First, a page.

You could be forgiven for being a little wary of Thurgood, George Stevens, Jr.'s one-man stage biography of the Hon. Thurgood Marshall, as performed by Laurence Fishburne. What're the odds a grade school-to-grave account of the life of the first African American to sit on the U.S. Supreme Court, boasting a star of such Zen-like solemnity that you totally believed him about us all being pickled, hairless pod-dwellers plugged unawares inside The Matrix, could be anything more than plodding hagiography? Great for high school history and government classes, but nothing made with such worthy intentions could possibly be any fun. Right?
Sez you. Point one, Fishburne, reprising his role from a Broadway run two summers ago, is as impish and avuncular as he is authoritative. Whether lurching across the stage with on a cane or channeling LBJ's puffed-up, Lone Star imperiousness, he's a captivating presence for every second of this 95-minute monologue. Point two, the story of Marshall's life -- one Stevens seems to have taken a strict-constructionist, if anecdotal, approach to interpreting -- is simply a hell of a story, so rich in incident and character (and names -- his Uncle Fearless gets a lot of play here) and humor and triumph that it seems too good to be true. A few of his greatest hits, if it please the court:
Remember Brown vs. the Board of Education, the landmark 1954 high court ruling that, after more intrigue than you know, outlawed segregation in the public schools? Marshall represented the plaintiffs. But before that, he visited Gen. Douglas MacArthur during the Korean War to investigate reports MacArthur was defying President Truman's order to integrate the Army and court-martialing black soldiers for cowardice in suspicious numbers. Before that, Marshall successfully sued to have his mother, a Baltimore schoolteacher, paid the same wage as her white colleagues. He was a high school pal of Langston Hughes. He first memorized the Constitution because his teacher would banish him to the furnace room with a copy of it whenever he misbehaved in class. His father, a Pullman car waiter for the B & O railroad, would go to Baltimore city court to hear cases argued on his days off, sometimes dragging his son along so they could re-argue them at the dinner table.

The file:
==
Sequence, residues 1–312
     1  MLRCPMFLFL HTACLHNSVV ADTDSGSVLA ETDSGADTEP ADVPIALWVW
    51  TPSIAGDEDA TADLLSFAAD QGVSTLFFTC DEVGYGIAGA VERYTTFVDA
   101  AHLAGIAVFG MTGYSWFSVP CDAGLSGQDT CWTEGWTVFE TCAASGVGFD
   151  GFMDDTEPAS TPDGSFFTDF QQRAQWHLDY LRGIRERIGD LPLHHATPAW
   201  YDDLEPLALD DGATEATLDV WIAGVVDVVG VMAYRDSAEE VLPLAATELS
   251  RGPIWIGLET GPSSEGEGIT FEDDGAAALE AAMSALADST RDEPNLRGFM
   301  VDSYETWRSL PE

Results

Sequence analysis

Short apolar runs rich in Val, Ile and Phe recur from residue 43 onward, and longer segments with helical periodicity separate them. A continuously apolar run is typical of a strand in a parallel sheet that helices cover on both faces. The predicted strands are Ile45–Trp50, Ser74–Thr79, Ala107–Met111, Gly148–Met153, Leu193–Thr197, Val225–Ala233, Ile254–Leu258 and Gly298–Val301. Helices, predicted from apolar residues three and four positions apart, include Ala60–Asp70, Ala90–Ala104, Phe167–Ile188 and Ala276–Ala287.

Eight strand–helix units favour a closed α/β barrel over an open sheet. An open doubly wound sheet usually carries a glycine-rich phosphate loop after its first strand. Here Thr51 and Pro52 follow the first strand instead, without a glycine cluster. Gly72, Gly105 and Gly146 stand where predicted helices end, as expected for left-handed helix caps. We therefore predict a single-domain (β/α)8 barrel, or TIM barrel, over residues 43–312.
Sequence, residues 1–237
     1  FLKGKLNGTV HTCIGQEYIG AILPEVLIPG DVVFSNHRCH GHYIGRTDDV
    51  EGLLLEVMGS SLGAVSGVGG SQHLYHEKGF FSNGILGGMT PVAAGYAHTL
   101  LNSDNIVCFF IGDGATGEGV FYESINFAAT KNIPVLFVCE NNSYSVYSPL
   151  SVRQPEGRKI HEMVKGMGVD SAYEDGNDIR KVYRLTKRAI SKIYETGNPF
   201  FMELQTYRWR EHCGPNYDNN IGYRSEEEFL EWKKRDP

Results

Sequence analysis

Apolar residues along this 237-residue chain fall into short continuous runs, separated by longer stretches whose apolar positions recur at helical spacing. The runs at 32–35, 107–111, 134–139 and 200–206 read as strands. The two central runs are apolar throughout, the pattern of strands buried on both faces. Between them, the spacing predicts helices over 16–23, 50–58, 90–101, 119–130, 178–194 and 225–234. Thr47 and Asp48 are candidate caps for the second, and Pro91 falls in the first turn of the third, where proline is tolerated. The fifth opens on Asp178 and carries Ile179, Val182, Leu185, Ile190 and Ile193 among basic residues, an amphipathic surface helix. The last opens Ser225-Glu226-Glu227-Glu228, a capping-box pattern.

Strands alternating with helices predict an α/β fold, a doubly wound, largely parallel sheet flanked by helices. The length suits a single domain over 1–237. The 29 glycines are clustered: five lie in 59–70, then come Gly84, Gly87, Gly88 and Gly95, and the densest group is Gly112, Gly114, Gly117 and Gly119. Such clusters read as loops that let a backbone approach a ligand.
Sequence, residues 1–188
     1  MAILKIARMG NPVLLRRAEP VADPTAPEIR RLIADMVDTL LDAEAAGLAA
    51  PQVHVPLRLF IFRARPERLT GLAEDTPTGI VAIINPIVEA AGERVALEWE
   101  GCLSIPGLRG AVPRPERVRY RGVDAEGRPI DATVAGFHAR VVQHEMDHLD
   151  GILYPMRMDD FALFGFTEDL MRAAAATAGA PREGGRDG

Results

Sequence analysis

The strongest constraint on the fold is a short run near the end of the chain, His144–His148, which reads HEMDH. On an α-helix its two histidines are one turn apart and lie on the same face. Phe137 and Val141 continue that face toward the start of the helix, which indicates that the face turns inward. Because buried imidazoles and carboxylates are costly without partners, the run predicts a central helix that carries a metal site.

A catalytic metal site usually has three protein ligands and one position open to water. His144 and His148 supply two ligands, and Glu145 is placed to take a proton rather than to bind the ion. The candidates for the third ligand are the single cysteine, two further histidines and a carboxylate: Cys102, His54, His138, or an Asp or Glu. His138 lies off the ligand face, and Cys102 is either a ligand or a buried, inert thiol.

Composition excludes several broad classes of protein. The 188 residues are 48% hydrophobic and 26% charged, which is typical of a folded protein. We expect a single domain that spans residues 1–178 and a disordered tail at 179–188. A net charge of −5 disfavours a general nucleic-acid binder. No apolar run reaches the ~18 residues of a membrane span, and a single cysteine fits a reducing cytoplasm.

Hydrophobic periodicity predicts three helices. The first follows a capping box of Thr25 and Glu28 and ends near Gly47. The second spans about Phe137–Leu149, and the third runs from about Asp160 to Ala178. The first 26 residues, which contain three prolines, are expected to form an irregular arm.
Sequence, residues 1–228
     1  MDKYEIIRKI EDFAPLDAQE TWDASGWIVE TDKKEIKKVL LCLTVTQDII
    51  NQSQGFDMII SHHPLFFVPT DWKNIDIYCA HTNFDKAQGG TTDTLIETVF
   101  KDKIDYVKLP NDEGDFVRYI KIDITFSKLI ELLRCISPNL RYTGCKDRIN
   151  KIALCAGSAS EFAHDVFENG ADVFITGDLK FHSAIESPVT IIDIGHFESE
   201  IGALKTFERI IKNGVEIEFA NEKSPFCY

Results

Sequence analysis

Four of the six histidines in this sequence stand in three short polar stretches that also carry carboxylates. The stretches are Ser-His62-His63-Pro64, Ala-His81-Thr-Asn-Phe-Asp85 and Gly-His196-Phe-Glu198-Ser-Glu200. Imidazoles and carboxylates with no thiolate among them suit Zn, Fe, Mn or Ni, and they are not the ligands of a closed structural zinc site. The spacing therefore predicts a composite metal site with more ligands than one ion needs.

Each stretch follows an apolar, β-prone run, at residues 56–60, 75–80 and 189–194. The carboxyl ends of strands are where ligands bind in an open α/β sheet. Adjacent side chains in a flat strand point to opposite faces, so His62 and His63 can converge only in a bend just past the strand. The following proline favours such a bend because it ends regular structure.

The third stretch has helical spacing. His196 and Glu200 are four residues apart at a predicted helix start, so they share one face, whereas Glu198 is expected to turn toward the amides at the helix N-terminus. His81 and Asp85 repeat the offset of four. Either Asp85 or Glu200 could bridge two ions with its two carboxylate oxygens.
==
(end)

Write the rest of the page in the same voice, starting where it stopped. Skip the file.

Stevens's play -- his first, though his film and TV credits are legion -- relates these episodes chronologically, in the form of an imaginary commencement address at Howard University, where Marshall graduated in 1933. "I've given 50 years to the law, I've seen a lot, and I've gotten too old to keep secrets" the justice says at the outset, which would place us somewhere in the Reagan Era, when "a lot of people wanted me off the court: 'too old,' 'too liberal,' 'too tipsy.'"
Just for fun, I called up Howard to ask if Marshall had ever delivered a commencement address there. Somewhat surprisingly, he has not. Maybe it's because Howard was his second choice: The more nearby University of Maryland didn't accept black students then.
Marshall would successfully challenge that policy on another man's behalf a few years later, but being rebuffed proved to be a blessing in disguise. If he hadn't ended up on the train to Union Station each morning to study law at Howard instead, he might never have come under the stern tutelage of Charlie Houston. Houston, a Phi Beta Kappa World War I veteran and former Harvard Law Review editor, became Howard's law school dean pledging to transform "the dummy's retreat" into "the West Point of Negro leadership." Marshall was Houston's star pupil, then his colleague in the NAACP, where the two men plotted to end segregation 20 years before the historic Brown decision.
As you'd expect, Marshall's human vulnerabilities are not given a lot of time here, but they're acknowledged. Earning his tuition as a dining club waiter, Marshall smilingly tolerated an unnamed U.S. Senator's habit of addressing him by the N-word because the distinguished gentleman always left a $20 tip on his way out. When Marshall's father, the club steward, saw him rushing at the call of a man who spoke to him that way, he fired him.
"Now between you and me, anytime you wanna call me nigger, you just lay your twenty dollars on the table," Fishburne shrugs, earning one of the biggest laughs of the evening. "But the second you run out of them twenties . . ." Elsewhere, there are allusions to womanizing, and he acknowledges seeking solace in the bottle after losing his first wife to cancer when she was only forty-four. The play's reticence on these subjects is appropriate to its form: Your commencement speaker probably didn't spend a lot of time airing his dirty laundry, either.
Near the end, Fishburne pretends to take questions from his audience of phantom Howard grads. Pondering "Should a Negro replace me," he answers, "I'd be opposed to [the president] picking the wrong Negro and saying, 'I'm picking him because he's a Negro.'"
Marshall's replacement on the high court, Clarence Thomas, goes unmentioned. That his seat could have been taken by African-American holding views in such drastic opposition to Marshall's is its own, possibly perverse tribute to the enduring impact of Marshall's work. Fishburne, Stevens, and director Leonard Foglio have built a memorial worthy of the man, one so relentlessly entertaining its scholastic value registers only in hindsight. Did I say it was like high school? Maybe I meant college. A version of this review appears in today's Washington City Paper.